Plucky 91-year-old Lois Griffiths never gave up hope when told she had aortic stenosis and there was no treatment available – due to her age, open heart surgery was not an option.
One of our first TAVI patientsAortic stenosis is the narrowing of the heart’s aortic valve opening, which prevents normal blood flow. It is most often caused by age-related calcification, but can be caused by a birth defect, rheumatic fever, or radiation therapy.
Despite the seriousness of her condition, as far as Lois was concerned, there were still things to do, places to go and people to see.
Cardiologists Drs Alex Incani and Karl Poon at St Andrew’s War Memorial Hospital offered Lois hope in the form of a cutting edge and less invasive procedure known as Transcatheter Aortic Valve Implantation (TAVI).
St Andrew’s was the first private hospital in Queensland to offer the procedure and Lois was the hospital’s first patient to have the TAVI procedure in July. Drs Incani and Poon have now performed six successful procedures at St Andrew’s.
Lois spent only two days in hospital after the TAVI procedure before being sent home to Clontarf where she could continue her various commitments including treasurer of the Clontarf Indoor Bowls Club, president of the Redcliffe Citizens Cultural Club and member of Legacy War Widows.
Fiercely independent and still living in her own home, Lois promised her family of six children, 17 grandchildren and 13 great-grandchildren that she would check in daily on Facebook so they knew she was okay.
“I come from a very close-knit family and it’s good to know they look out for me,” she said.
For patients like Lois, who have been diagnosed with aortic stenosis but are elderly or not well enough to have surgery, TAVI provides a better option.
Dr Poon has been involved in 50 TAVI procedures and he is delighted the technology is being offered at St Andrew’s.
“TAVI is perhaps the most transformative cardiac intervention in the past few decades with data now showing superiority over surgery in high risk patients,” Dr Poon said.
“More than 100,000 of these have been performed around the world and the technology has come a long way, with complications rate acceptably low.”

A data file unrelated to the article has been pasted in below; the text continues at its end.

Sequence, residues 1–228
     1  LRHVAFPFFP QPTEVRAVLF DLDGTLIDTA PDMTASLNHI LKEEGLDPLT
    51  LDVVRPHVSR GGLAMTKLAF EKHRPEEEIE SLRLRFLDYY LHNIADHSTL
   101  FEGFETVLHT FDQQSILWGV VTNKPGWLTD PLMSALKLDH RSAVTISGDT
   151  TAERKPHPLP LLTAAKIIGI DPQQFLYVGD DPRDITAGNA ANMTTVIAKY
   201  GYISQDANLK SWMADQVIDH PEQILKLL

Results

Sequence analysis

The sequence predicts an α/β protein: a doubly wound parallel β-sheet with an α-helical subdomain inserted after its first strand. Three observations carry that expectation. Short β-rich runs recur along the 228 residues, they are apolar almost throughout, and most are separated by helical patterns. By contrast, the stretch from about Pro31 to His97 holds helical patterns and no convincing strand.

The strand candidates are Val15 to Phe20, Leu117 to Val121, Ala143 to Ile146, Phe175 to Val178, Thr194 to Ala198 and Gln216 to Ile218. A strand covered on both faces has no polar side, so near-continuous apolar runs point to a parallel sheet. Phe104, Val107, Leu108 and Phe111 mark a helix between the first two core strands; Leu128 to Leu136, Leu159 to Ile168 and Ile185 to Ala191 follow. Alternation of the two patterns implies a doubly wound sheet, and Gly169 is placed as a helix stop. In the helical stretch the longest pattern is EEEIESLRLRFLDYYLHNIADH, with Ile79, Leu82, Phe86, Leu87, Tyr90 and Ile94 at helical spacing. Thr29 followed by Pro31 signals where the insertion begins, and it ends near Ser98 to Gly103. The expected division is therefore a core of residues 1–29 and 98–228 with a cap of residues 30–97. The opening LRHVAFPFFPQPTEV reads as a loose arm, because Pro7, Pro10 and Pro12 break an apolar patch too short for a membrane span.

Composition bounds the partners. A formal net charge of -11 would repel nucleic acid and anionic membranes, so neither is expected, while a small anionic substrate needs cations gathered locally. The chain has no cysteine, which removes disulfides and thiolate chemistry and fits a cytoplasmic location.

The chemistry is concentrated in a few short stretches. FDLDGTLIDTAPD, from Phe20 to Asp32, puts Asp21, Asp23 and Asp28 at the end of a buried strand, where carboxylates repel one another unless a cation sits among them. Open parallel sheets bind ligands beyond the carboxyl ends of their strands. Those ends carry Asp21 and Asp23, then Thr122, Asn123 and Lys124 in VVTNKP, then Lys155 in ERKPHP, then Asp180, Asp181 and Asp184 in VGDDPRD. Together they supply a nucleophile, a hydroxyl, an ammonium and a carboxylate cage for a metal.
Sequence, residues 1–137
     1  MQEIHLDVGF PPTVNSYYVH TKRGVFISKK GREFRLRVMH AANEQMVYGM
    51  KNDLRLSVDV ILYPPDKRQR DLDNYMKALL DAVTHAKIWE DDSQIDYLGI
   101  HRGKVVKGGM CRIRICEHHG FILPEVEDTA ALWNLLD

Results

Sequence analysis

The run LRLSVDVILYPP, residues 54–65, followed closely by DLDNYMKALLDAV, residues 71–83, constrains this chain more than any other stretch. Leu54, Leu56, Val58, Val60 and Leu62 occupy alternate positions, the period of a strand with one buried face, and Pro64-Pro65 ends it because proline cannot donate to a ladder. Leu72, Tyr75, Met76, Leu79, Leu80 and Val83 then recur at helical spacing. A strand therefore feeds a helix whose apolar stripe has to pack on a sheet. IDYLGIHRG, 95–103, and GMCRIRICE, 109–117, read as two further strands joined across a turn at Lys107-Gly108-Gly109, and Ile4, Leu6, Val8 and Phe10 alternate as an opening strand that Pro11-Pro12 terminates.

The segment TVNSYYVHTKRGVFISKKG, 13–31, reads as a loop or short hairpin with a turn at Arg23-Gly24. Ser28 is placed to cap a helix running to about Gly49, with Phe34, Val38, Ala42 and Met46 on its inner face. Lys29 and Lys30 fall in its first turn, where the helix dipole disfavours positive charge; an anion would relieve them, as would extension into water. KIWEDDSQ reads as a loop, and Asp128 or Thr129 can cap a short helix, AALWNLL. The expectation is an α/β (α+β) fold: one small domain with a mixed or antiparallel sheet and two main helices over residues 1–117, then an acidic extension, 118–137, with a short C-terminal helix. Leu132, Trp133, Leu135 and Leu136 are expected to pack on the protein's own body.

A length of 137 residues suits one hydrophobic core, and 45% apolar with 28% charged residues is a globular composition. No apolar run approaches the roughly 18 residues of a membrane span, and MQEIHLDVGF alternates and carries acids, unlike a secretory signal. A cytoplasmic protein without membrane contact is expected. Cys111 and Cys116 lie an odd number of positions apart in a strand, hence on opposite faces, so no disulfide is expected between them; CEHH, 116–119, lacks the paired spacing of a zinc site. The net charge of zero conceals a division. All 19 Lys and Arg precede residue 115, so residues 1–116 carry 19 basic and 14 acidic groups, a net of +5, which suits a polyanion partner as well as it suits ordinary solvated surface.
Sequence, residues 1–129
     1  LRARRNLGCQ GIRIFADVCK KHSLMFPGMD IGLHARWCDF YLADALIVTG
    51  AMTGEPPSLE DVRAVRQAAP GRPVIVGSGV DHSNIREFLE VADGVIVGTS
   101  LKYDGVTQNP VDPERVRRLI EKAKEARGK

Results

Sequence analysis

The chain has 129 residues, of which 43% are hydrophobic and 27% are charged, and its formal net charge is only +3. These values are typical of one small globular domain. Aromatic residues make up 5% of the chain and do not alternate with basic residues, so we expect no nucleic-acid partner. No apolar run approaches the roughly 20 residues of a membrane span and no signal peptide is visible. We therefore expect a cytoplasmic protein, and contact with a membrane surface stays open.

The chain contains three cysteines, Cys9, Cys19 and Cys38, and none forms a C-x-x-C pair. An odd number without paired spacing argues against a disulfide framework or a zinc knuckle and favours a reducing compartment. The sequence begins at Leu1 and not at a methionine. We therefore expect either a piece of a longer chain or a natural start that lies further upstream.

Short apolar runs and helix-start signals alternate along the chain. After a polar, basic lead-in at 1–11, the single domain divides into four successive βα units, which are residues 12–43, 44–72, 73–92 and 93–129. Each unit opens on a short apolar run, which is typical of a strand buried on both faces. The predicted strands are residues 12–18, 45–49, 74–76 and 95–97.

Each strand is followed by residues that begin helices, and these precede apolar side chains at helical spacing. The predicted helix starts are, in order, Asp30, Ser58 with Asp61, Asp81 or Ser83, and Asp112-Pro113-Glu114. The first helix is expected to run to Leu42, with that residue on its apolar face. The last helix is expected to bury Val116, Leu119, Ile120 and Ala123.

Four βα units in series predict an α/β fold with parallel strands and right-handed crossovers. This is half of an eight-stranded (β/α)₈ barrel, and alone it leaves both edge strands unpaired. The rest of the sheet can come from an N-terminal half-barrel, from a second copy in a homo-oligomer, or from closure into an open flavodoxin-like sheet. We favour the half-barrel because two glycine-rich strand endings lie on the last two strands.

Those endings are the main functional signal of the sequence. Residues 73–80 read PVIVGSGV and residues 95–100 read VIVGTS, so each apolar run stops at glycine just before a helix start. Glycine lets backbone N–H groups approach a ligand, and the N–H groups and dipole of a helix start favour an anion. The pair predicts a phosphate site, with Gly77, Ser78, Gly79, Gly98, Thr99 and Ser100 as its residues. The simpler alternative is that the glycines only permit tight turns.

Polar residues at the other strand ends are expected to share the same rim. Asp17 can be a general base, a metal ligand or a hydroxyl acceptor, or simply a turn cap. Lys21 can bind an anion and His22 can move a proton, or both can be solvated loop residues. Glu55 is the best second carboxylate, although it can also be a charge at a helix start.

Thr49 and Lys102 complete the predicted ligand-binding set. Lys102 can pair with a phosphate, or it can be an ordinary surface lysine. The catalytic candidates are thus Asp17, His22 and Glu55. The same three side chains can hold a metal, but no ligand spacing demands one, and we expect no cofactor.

Dr Incani said the treatment aims to improve the quality and longevity of life for patients who would otherwise be deemed untreatable.
At St Andrew’s, a multidisciplinary team approach combining the expertise of interventional cardiologists, cardiothoracic surgeons, echocardiologists, intensivists, anaesthetists and geriatricians, decides on the best treatment and whether TAVI would be an option.
The procedure is carried out under anaesthetic and involves a small incision in the groin or chest. A new valve is folded up and slipped into a catheter – a thin flexible tube -which is then put into a blood vessel. When the catheter reaches the base of the aorta – the large blood vessel that carries blood from the heart to the rest of the body – a balloon is opened which inflates the valve. The old valve remains, pushed aside by the new.
General Manager of St Andrew’s Hospital, Andrew Barron, said the hospital has a long history of cardiac care and innovation and TAVI was a good example.
“We were the first private hospital in Queensland to carry out open heart surgery in 1985 and our commitment to provide the most advanced cardiac care to our patients continues today.
“Thirty years later, we are now the first private hospital in Queensland to offer TAVI which is a welcome addition to our services,” he said.
You can read more about our Heart Valve Team here.
* This article was sources from the St Andrew’s War Memorial Hospital News